For some, money and fame may seem like the answer to all of life’s problems, but many successful public figures would say differently. In a recent viral video, singer and rapper Lizzo spoke about how obtaining more money won’t solve all of your problems and the heavy burden that comes with fame.

“You can be the coolest, most richest person ever and it doesn’t buy you f*cking happiness. Money doesn’t buy you happiness,” she says in the video posted on her TikTok. The musician starts to get more emotional as she says how it still takes personal development and that fame doesn’t make it easier.

“Fame only puts a magnifying glass on the sh*t that you already have. And if that sh*t is fucked up, you’re just going to have even more magnified f*cked up sh*t in situations where it doesn’t even seem valid or like you’re even supposed to feel that way so it f*cks you up even more because you feel so unf*ucking grateful,” she continued, encouraging listeners to do that “inner work” to progress further in life.

“Anyone that has internal issues or have any type of self problems that they need to work out, work [it] out now because money, fame, or success, or even getting older doesn’t really fix that sh*t,” she said.

“You need to just like do it. Do the inner work because, no matter where you are, it’s going to haunt you like a f*ucking ghost. And I’m working on it, too, but today is just not a good day. I just want everybody to know that it’s OK to not have a good day even when it seems like you should.”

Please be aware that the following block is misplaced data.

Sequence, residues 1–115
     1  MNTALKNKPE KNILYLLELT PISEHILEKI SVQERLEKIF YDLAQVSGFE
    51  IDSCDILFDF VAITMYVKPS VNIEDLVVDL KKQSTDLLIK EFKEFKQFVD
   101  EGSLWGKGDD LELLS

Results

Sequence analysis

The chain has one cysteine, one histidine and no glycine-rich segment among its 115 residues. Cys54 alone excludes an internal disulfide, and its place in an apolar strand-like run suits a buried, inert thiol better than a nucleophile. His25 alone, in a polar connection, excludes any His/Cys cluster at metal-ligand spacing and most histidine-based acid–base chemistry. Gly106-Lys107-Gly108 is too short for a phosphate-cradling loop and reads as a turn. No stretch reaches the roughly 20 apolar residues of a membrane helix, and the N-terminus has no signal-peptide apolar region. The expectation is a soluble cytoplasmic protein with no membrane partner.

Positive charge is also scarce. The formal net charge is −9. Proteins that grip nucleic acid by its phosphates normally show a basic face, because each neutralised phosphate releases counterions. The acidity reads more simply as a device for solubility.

Source: Blackenterprise.com

The “Truth Hurts” singer incorporates themes of confidence and self-love into her music, TIME wrote. “Her sound is relentlessly positive and impossibly catchy: bangers that synthesize pop, rap and R&B, with hooks so sharp it feels like they’ve been in your brain forever. Her lyrics are funny, bawdy and vulnerable: reminders to dump whatever idiot is holding you back and become your own biggest fan.”

Lizzo reminiscing “why this year, after nearly a decade on the road, performing shows for next to nothing, living in her car, being her own hype man and bagging more Grammy nominations than any other artist,” says:

I’ve been doing positive music for a long-ass time. Then the culture changed. There were a lot of things that weren’t popular but existed, like body positivity, which at first was a form of protest for fat bodies and black women and has now become a trendy, commercialized thing. Now I’ve seen it reach the mainstream. Suddenly I’m mainstream! How could we have guessed something like this would happen when we’ve never seen anything like this before?

Her self-empowerment anthem “Truth Hurts,” originally released in 2017, went on to top the Billboard Hot 100. She carried a tiny Valentino purse down the red carpet at the American Music Awards, generating a million memes.

Her third album, “Cuz I Love You, earned her eight Grammy nominations and each of moment of her winning helped develop her as the defining entertainer of this year. It also made her a bigger target.

I have to bite my tongue on certain things. When people challenge my talent, they challenge whether I deserve to be here. They challenge my blackness. I’m like, ‘Oh! I can easily just let your ass know right now in 132 characters why you’re f-cking wrong.



Credit: Bella Naija